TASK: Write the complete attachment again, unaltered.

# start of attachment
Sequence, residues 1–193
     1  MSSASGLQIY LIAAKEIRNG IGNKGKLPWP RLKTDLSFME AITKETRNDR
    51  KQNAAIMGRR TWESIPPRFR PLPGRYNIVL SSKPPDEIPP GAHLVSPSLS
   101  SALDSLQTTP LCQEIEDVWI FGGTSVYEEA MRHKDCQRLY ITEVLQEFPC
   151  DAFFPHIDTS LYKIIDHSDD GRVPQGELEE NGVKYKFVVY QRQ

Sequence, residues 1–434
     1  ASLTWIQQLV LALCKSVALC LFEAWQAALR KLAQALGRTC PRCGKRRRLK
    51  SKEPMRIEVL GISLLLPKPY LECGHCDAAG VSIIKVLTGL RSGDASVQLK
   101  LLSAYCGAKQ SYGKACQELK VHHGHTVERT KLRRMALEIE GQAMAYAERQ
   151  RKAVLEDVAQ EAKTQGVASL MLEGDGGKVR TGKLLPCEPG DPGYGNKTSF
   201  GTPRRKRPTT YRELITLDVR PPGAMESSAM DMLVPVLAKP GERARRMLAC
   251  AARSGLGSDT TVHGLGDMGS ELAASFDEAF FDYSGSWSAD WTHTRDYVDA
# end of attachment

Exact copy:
Sequence, residues 1–193
     1  MSSASGLQIY LIAAKEIRNG IGNKGKLPWP RLKTDLSFME AITKETRNDR
    51  KQNAAIMGRR TWESIPPRFR PLPGRYNIVL SSKPPDEIPP GAHLVSPSLS
   101  SALDSLQTTP LCQEIEDVWI FGGTSVYEEA MRHKDCQRLY ITEVLQEFPC
   151  DAFFPHIDTS LYKIIDHSDD GRVPQGELEE NGVKYKFVVY QRQ

Sequence, residues 1–434
     1  ASLTWIQQLV LALCKSVALC LFEAWQAALR KLAQALGRTC PRCGKRRRLK
    51  SKEPMRIEVL GISLLLPKPY LECGHCDAAG VSIIKVLTGL RSGDASVQLK
   101  LLSAYCGAKQ SYGKACQELK VHHGHTVERT KLRRMALEIE GQAMAYAERQ
   151  RKAVLEDVAQ EAKTQGVASL MLEGDGGKVR TGKLLPCEPG DPGYGNKTSF
   201  GTPRRKRPTT YRELITLDVR PPGAMESSAM DMLVPVLAKP GERARRMLAC
   251  AARSGLGSDT TVHGLGDMGS ELAASFDEAF FDYSGSWSAD WTHTRDYVDA